- Newborn cats: it would be counterproductive to leave a 1-month-old cat alone. They haven't even had the time to socialize themselves with objects in the home, let along know how to use a litterbox. Cats less than 4 months should not even spend 2 to 3 hours alone. As they grow, their personality will develop and they will better know how to manage your coming and going.
- Young cats: by this stage, younger cats may be used to longer periods of separation from their human guardians. For this reason, we should be able to go to work and fulfil our regular duties as normal. This is important as we do not want to make them overly dependent on us. We should accustom them to short absences and then incrementally increase the time until we can spend days apart. Younger cats especially will still need cognitive and physical stimulation when we are gone, usually in the form of toys and interactive games.
- Adult cats: fully developed cats are best able to manage our absences, especially if we have already taken vacations before. It is still advisable to leave toys and games, although they are not as active as kittens. We may even be able to leave visitations to every 2 days.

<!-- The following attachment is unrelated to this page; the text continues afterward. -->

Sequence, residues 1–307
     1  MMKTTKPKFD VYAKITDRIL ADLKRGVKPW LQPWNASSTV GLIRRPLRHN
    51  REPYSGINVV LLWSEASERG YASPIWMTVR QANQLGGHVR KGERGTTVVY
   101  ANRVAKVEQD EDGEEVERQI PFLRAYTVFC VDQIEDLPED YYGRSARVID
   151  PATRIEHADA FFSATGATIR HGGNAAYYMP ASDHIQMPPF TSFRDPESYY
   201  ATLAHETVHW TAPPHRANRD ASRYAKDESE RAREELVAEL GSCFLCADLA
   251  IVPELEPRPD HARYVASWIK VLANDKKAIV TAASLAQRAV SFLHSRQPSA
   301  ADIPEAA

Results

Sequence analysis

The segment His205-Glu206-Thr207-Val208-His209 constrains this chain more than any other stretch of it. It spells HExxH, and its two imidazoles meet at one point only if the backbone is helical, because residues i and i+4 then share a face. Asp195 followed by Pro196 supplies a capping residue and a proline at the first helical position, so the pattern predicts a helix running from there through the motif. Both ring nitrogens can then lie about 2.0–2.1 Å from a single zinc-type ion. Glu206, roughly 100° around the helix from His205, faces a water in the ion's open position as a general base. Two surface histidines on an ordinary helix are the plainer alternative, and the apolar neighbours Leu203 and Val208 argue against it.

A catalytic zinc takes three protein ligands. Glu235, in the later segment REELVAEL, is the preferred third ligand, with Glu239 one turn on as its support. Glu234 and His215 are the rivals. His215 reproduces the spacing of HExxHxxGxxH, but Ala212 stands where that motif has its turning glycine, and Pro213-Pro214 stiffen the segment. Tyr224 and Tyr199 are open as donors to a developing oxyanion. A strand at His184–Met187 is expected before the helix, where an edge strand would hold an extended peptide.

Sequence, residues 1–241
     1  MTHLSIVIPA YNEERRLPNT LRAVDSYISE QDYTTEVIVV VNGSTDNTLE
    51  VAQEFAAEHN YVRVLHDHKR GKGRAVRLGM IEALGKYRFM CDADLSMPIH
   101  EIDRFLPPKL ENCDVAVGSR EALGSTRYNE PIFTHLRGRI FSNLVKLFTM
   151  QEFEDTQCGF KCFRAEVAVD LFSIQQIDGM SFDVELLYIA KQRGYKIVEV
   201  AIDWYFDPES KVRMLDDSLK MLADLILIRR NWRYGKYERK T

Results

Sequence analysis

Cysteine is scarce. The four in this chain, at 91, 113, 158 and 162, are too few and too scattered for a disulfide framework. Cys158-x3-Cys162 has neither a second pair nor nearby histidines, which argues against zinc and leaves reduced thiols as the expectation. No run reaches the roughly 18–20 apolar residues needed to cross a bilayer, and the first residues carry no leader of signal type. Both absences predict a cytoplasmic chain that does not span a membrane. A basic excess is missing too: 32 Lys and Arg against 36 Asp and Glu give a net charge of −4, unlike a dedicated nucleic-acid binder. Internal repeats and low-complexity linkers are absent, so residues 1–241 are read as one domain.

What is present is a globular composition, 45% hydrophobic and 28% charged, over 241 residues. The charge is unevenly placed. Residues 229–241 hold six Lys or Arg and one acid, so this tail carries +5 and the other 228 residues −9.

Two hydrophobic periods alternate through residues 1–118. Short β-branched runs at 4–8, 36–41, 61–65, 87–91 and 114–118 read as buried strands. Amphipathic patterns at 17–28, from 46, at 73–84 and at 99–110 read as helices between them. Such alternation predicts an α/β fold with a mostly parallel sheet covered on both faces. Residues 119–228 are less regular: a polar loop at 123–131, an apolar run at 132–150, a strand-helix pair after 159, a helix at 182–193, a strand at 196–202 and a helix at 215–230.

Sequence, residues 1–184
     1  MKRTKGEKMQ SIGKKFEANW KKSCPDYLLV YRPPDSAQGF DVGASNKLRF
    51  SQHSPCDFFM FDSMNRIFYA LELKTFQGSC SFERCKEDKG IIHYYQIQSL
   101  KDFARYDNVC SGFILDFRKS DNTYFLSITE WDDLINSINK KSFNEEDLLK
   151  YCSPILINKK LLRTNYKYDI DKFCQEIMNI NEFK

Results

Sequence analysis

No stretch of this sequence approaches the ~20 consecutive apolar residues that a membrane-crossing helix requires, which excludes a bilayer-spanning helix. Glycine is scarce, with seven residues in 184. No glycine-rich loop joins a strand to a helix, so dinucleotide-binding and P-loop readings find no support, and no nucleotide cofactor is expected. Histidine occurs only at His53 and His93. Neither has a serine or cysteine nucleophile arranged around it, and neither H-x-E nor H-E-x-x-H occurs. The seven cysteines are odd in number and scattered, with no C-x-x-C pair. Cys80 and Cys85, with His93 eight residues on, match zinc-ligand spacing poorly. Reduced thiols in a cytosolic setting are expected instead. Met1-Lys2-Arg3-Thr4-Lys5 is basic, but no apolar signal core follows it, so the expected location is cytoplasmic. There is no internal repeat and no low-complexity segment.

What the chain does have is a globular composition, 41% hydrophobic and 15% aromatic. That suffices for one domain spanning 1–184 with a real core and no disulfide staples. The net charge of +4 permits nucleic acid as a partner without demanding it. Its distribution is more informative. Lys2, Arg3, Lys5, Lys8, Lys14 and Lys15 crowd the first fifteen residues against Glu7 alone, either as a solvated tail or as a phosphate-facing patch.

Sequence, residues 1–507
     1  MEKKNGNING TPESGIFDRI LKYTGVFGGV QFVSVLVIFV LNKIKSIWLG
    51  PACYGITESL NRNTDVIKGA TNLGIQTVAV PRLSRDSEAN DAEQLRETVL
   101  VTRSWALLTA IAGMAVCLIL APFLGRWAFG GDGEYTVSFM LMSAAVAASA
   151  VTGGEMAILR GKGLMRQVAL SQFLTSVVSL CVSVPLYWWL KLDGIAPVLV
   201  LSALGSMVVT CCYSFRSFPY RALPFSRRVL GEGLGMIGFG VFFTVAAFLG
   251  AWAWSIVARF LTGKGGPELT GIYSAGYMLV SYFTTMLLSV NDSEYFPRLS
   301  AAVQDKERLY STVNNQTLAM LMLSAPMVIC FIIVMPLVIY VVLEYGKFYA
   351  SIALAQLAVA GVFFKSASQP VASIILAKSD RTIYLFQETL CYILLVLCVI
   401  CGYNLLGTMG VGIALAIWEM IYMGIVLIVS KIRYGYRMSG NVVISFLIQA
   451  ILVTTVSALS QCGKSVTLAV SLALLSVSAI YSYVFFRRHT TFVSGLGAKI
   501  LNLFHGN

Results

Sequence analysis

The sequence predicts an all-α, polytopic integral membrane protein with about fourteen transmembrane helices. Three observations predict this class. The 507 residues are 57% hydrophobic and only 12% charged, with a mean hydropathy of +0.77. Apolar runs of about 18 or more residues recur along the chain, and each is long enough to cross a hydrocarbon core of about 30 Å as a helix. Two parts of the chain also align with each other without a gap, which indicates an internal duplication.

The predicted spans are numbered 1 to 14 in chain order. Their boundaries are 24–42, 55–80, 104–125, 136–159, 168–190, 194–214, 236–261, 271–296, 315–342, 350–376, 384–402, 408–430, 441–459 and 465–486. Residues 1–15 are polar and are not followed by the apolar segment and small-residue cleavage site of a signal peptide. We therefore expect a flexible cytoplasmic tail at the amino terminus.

- Elderly cats: older cats may require more help, sometimes even requiring up to 2 visits per day. In these cases, our visitor can provide lots of affection and reassurance. This is because elderly cats can often require more assistance and have more issues with attachment. They also become even more needful of routine.
The cat's individual personality will be a very important factor to take into account. Adapting to their specific needs will be essential to ensure their wellbeing. There are cats who are excessively attached to us and others who demand a certain routine to be happy, such as being given a daily portion of wet food.
What happens when I leave my cat alone?
There are several factors that we have to consider to know what risks are involved when leaving a cat home alone.